In-depth Reviews

Mazda MX-5 RF convertible

"The Mazda MX-5 RF has a retractable metal roof instead of the standard model's fabric version, adding an extra dose of style and refinement to an already impressive package"

Carbuyer Rating

4.2 out of 5

Owners Rating

5.0 out of 5

Read owner reviews


  • Hard-top roof enhances comfort
  • Stylish coupe looks
  • Great fun to drive


  • Poor practicality
  • More expensive than the soft-top
  • Smaller engine can feel underpowered

The Mazda MX-5 RF offers buyers the option of having a targa topped version of the world’s best selling sports car. The RF is a cross between the standard convertible MX-5 and a fixed-roof coupe, the key advantages over soft-top car being greater refinement and sleek coupe looks with the roof closed. RF stands for ‘Retractable Fastback’, referencing that power-folding hardtop arrangement.

You can raise or lower the Mazda MX-5 RF’s roof on the move too, as long as you’re driving at speeds less than 6mph. Some will prefer pressing a button to pulling the roof back manually, which is what drivers will be doing in fabric roofed MX-5s. The RF affords better protection from the elements and improved sound insulation making for a more relaxed drive, something that will be appreciated by owners who do a lot of long journeys and motorway miles.

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Having a hard-top roof has a slight impact on the MX-5’s straight-line speed but thankfully, the RF is just as much fun and as rewarding to drive on a twisty road as the soft-top. A light facelift has brought upgrades in performance, with the 2.0-litre version gaining another 23bhp along with a higher rev limit to 7,500rpm for even more thrills.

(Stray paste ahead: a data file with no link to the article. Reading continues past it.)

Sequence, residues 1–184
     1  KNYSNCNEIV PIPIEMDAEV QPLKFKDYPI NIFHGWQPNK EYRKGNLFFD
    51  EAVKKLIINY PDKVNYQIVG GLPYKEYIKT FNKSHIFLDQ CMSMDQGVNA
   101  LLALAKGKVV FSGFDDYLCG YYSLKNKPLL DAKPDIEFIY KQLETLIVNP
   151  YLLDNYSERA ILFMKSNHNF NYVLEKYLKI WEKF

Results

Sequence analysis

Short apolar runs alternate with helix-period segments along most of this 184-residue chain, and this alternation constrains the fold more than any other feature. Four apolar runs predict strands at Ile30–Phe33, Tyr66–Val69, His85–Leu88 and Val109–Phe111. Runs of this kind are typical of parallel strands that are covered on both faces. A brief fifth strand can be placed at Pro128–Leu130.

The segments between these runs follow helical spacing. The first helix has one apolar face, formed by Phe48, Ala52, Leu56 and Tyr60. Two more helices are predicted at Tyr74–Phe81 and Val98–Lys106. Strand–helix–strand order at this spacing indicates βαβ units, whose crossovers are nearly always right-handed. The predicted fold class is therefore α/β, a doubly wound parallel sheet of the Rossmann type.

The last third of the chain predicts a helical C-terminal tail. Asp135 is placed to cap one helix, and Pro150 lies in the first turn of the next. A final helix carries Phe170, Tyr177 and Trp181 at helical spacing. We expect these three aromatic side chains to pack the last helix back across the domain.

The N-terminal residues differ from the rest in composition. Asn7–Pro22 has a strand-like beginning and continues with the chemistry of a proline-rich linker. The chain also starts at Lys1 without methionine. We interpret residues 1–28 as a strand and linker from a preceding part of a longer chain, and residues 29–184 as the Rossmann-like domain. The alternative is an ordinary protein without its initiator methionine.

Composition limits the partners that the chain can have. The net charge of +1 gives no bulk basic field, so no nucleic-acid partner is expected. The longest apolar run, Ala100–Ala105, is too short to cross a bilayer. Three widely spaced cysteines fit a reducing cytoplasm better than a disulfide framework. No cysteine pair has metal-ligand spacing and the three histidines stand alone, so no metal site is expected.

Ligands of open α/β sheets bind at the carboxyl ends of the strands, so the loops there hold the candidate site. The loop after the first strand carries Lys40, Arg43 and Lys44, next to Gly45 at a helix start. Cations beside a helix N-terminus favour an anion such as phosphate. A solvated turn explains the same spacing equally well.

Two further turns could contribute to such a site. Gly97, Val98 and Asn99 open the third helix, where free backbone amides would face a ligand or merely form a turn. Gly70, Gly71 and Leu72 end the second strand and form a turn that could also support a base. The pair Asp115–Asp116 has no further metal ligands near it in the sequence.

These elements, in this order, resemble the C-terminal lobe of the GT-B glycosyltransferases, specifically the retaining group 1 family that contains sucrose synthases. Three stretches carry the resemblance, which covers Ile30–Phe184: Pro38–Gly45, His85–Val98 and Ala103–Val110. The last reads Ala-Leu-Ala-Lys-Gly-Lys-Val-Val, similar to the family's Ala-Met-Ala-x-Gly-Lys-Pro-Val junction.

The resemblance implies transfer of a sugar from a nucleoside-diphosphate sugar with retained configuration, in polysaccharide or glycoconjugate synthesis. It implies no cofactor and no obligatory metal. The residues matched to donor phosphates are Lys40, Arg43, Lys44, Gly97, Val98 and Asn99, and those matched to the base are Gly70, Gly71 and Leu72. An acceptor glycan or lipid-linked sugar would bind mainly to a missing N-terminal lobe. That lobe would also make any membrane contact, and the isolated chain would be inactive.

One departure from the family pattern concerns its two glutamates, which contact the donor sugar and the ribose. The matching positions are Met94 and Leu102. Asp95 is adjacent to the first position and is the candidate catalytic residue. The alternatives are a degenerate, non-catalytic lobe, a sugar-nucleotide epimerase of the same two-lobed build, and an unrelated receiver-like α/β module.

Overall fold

The hard-top roof doesn’t affect the car’s practicality and both of the trim levels available include plenty of standard equipment. For an extra dash of luxury, there’s also the limited-run Sport Black model, with extras like gloss-black exterior trim, Eternal Blue Mica paint and neat touches inside.

There are hatchbacks on the market with more power than the MX-5, but few have its handling characteristics. The Fiat 124 Spider was its closest rival, using the MX-5’s underpinnings together with Fiat’s own engines, until that car was discontinued in the UK in mid-2019.

Whether you decide to spend the extra £1,900 on the RF over the standard MX-5 is likely to depend on which body shape you prefer and how often you plan to drive the car with the roof up. If the RF is the version you decide to go for, we’d recommend spending extra to get the bigger, 181bhp 2.0-litre engine, as the extra power over the 130bhp 1.5-litre helps compensate for the roof’s extra weight.

The MX-5 RF, along with the standard MX-5, was updated in early 2020. A range-topping trim level called the GT Sport Tech was added and all models in the range were fitted with new fuel-saving technology.

MPG, running costs & CO2

The MX-5 RF's low weight means it can return reasonable economy figures